Predicting the unpredictable: MLaas

Max Dosad our consultant managing the role
Author: Max Dosad
Posting date: 7/4/2018 10:36 AM

Predictive analytics in healthcare has been one of the fastest growing trends in recent years and it is scaling up over the next three. With this industry top of mind in the news and those closest to it; patients, providers, and insurance companies realizing the penultimate benefits of relative data, healthcare analytics is a solid foundation for anyone interested in the field of analytics. Beyond collection and analysis is the deeper dive of meaningful use in regard to artificial intelligence (AI) and machine learning within datasets and analysis.

Smart Health and Wellbeing

Though big data in healthcare analytics has previously lagged behind other industries, it now faces a massive upheaval. Over the last ten years or so, simply moving patient’s records to electronic health records (EHR) and storing them in the cloud for at-your-fingertip information, is the tip of the iceberg.

Big data in healthcare has grown up. Researchers and providers are able to make more informed decisions, more quickly gleaning information from such records and using the data to predict diseases, make better diagnoses, and determine patterns. Some of these patterns are especially useful in patient empowerment and support for such chronic diseases as Alzheimer’s, cancer, diabetes, and Parkinson’s.

As complex as the healthcare system is, few healthcare organizations have the resources or skilled personnel to develop and analyze such intricate data. There is a shift, however, in the application and access of big data healthcare analytics and that is an entry in the as-a-service industry.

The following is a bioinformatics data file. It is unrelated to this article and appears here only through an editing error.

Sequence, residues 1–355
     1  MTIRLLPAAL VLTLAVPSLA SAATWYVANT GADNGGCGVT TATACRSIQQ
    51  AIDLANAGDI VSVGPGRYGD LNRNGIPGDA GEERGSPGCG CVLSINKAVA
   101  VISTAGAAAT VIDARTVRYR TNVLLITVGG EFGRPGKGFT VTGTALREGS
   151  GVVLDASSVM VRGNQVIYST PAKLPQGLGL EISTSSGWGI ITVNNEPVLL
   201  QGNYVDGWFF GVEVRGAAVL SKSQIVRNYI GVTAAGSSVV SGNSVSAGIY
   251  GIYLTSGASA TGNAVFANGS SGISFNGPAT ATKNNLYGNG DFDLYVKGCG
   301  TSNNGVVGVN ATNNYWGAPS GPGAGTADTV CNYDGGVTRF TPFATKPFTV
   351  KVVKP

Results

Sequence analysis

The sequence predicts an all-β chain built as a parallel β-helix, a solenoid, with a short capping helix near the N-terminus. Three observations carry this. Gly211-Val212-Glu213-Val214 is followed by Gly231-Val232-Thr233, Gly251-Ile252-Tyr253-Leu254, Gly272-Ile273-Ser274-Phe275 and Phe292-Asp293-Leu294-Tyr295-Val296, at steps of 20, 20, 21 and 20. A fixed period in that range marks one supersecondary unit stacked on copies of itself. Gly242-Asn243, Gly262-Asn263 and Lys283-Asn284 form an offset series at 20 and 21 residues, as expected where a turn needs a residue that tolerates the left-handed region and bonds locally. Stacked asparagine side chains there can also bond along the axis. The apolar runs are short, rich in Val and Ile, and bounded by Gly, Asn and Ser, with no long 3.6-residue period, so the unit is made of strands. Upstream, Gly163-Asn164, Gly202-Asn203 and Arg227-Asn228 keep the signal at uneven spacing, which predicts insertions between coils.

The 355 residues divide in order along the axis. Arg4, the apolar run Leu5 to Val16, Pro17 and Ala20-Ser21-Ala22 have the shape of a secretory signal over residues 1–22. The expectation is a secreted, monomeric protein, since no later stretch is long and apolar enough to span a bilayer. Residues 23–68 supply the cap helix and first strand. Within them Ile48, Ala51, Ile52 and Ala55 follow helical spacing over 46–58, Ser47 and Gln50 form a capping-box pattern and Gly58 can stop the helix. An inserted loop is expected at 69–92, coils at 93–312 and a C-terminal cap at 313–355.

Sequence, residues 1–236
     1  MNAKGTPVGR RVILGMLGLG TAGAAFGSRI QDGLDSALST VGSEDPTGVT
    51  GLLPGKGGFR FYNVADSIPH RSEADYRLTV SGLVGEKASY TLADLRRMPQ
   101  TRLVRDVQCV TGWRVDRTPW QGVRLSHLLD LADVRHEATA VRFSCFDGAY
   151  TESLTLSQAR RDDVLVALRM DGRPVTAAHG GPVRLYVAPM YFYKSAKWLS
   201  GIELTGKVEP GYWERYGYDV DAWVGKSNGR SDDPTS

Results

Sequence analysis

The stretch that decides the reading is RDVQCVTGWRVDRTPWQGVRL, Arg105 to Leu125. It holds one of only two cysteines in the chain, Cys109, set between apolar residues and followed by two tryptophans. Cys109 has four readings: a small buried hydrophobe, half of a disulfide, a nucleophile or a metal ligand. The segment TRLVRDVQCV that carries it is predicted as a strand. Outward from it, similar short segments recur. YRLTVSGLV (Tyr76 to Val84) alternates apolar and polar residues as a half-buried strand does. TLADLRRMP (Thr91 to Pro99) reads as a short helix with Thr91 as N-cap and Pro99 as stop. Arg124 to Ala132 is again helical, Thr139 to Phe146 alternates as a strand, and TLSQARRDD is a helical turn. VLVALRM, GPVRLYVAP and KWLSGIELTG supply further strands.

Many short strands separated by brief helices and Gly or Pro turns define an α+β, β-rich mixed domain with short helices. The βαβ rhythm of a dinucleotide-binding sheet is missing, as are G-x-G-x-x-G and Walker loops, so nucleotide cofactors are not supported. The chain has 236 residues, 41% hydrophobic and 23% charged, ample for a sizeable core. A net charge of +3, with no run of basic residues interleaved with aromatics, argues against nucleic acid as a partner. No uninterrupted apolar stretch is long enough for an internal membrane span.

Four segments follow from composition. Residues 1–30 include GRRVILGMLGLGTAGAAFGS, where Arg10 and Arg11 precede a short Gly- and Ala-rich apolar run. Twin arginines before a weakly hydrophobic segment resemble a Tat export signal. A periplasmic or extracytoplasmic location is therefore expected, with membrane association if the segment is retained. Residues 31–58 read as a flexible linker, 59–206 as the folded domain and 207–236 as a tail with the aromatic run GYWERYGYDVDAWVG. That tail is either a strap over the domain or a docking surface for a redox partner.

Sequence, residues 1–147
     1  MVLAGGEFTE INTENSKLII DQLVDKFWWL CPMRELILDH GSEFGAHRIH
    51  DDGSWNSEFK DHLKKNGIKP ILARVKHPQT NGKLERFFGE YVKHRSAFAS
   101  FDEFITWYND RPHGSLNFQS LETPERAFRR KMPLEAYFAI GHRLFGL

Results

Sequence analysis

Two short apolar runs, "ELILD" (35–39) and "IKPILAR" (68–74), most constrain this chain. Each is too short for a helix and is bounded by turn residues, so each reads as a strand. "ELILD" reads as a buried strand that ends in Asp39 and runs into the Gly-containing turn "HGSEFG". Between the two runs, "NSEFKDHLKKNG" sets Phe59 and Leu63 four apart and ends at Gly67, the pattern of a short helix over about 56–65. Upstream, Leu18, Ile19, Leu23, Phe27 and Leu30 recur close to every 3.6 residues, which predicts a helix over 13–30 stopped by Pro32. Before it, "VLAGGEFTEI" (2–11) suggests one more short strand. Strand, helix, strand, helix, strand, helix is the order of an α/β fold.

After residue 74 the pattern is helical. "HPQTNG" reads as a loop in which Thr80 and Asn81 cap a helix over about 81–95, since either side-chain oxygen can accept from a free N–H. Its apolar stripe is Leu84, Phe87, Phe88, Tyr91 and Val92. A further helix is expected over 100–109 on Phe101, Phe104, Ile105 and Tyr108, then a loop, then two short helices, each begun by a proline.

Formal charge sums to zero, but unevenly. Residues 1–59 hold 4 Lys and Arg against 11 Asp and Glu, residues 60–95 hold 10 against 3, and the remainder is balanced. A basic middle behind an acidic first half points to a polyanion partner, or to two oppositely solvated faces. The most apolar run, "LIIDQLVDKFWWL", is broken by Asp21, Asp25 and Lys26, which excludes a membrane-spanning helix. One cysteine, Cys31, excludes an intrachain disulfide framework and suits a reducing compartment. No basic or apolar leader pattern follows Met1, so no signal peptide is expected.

Healthcare Tech in the Cloud

The advent of cloud computing has made it possible for organizations with limited resources – skilled personnel and in-house knowhow – to progress their health management programs. Cloud-based tools and applications allow organizations to reduce infrastructure and development frustrations to focus on value-based care.

The machine learning as a service market is skyrocketing and at a growth rate of 38.40 percent annually is expected to be worth $20 billion in the next 20 years or so. This sets machine learning as a service industry in healthcare on a trajectory of $5.4 billion by 2022, according to a 2016 report.

Machine Learning as a Service combine with artificial intelligence could bring over $46 billion to MLaas vendors could revolutionize healthcare by 2020. Driven by big data analytics, healthcare organizations may find cloud-based tools and machine learning applications easier on the budget with a broad range of proactive measure capabilities in the industry.

This year, the driving force behind most of the artificial intelligence spending is in quality management, diagnosis and treatment systems, customer service, and security of data. According to a survey conducted by Silicon Valley Bank last year, healthcare AI is expected to the most influential technology in 2017.

In a rapidly changing environment, both technologically and organically, the analytics required to succeed in the healthcare industry may lie in machine learning as a service. This as-a-service focus may also be a cost effective way to engage the large, complex amounts of data derived from the players in the healthcare industry.

If you’re interested in contributing to the future of big data, we might have the role for you. We specialize in Data and Analytics recruitment and always have a wide range of vacancies at both junior and senior level. Take a look at our current vacancies or contact us to find out more.

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